By Waldo L. Jaquith
Election night, November, 2000.
Greg Howard and I are sitting in Mudhouse, a popular
café on Charlottesville, Virginia's Downtown Mall.
It is unusually slow, even for a Tuesday evening in
November. Presumably, people are at home, watching the
presidential election results come in. About a dozen of us,
mostly complete strangers, are comfortably spread out in the
quiet restaurant. Periodically, as some bit of news is
announced by a newcomer, we find ourselves engaged in
conversation with our fellow election-watchers.
Inevitably, Greg and I discuss the presidential race, and
politics in general. I'm sporting an "I Voted!"
sticker on the breast of my leather jacket, and I notice
that Greg is not similarly adorned. I ask him about it.
"I'm fundamentally opposed to the whole system."
Whoa. I'm not going there.
. . .
You may have heard of Greg Howard. You may have even heard
of the instrument that he plays, the Chapman Stick. Perhaps
you've heard snippets of his music, often played between
segments on NPR's "All Things Considered." But
you probably know probably very little about him. Didn't he
once sit in with Dave Matthews Band after Stefan hurt his
hand? In fact, didn't he tour with the band for a while?
Is he the same guy Leroi is saying "hey" to at the
end of "The Last Stop" on "Before These
How about this: Greg Howard is one of the keystones to Dave
Matthews Band's existence. I'll bet you didn't know that.
. . .
"My father was a musician, by avocation. Early in his
life, he was a trumpet player. He played in big bands in
North Carolina, mainly while he was a university student.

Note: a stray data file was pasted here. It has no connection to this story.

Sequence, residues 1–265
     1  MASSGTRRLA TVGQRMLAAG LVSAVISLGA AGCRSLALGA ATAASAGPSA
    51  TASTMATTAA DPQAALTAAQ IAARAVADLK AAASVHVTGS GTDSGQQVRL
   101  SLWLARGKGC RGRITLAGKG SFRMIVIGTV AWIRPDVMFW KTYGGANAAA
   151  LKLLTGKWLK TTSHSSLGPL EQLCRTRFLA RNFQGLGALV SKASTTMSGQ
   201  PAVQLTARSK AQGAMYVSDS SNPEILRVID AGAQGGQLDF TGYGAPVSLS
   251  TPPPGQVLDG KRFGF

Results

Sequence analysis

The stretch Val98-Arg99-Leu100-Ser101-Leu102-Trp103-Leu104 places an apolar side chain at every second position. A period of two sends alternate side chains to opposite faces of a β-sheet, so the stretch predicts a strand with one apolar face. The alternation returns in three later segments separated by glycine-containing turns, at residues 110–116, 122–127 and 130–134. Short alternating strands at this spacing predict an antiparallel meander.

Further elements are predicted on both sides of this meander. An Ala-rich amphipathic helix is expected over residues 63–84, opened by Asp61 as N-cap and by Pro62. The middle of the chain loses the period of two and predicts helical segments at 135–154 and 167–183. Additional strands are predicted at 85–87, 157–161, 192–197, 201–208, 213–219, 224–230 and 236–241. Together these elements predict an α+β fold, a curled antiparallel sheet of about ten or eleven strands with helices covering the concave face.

He was a pretty good trumpet player. My first specific
musical memories are of him playing along to big-band
records. Tommy Dorsey, Glenn Miller, Bunny Berigan, stuff
like that. Both of my parents always encourged me to get
into making music."
Greg's first instrument was the Magnus Chord Organ, which is
essentially an electric harmonium. (Years later, he found
out that this was also DMB saxophonist Leroi Moore had one
of these when he was young, too.) His father's inspiration
and his own interest kept him busy with music through
school. He played clarinet in fourth grade, he performed in
the school band. At thirteen, Greg wrote his first
composition - it was performed by his Junior high school
"It was hideously bad," Greg says, smiling.
Greg, in his inexperience, forgot to transpose each
instrument's part to the right key, so no two of them were
playing along. Also, he later realized, he wrote all of the
Perhaps not coincidentally, Greg discovered improvisation
the following year. Having seen Oscar Peterson
perform, he turned to the piano in the school band room.
Soon, he was performing original songs in rock bands,
singing, and making tapes of his bands' jams.
In the early 80s, by way of King Crimson's Tony Levin, Greg
encountered a brand-new instrument: the Chapman Stick. The
Stick was invented in 1969 by California's Emmett Chapman.
An aptly-named instrument, it's pretty much a stick, with
ten strings running the length of it. The strings are
tapped, not plucked, and it is played with both hands.
Imagine playing electric guitar by simply chording, but not
strumming, with the volume turned way up. Now imagine that
you can play bass, rhythm and melody, all at the same time:
that's the Chapman Stick.
Greg got into the Stick when his band, "Continental
Drift," broke up. He decided to give up the keyboard.
He preferred the piano, but that wasn't practical for gigs.
He'd played saxophone, and had grown to love its
expressiveness. After reading about the Stick, he realized
that he could have the best of both the sax and the
keyboard. In 1985, at age 20, Greg acquired his first
credit card (putting him in debt for the next half-decade)
in order to buy his first Stick. He immediately cut back on
sax and keyboards and focused in on his new instrument. To
accommodate his new passion, he chose the non-time-intensive
English as his major at Charlottesville's University of Virginia.
Greg immediately started writing music for the Stick,
finding that it "took him out of the box that [he'd]
been in," and made him "think about music in a
In short, it was love.
. . .
"Looks like Gore's gonna take Florida."
Smiles all around the room.
C'ville Music >>
1, 2, 3, 4